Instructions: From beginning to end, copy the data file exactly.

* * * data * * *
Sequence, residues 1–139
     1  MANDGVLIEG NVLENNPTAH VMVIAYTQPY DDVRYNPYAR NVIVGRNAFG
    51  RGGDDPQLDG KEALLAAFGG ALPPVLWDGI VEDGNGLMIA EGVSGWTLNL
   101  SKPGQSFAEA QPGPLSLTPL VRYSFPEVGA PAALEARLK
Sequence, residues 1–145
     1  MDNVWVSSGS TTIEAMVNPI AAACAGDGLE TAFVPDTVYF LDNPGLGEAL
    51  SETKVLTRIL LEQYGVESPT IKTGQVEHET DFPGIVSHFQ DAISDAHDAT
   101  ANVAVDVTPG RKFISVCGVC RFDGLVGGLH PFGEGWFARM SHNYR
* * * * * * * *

Sequence, residues 1–139
     1  MANDGVLIEG NVLENNPTAH VMVIAYTQPY DDVRYNPYAR NVIVGRNAFG
    51  RGGDDPQLDG KEALLAAFGG ALPPVLWDGI VEDGNGLMIA EGVSGWTLNL
   101  SKPGQSFAEA QPGPLSLTPL VRYSFPEVGA PAALEARLK
Sequence, residues 1–145
     1  MDNVWVSSGS TTIEAMVNPI AAACAGDGLE TAFVPDTVYF LDNPGLGEAL
    51  SETKVLTRIL LEQYGVESPT IKTGQVEHET DFPGIVSHFQ DAISDAHDAT
   101  ANVAVDVTPG RKFISVCGVC RFDGLVGGLH PFGEGWFARM SHNYR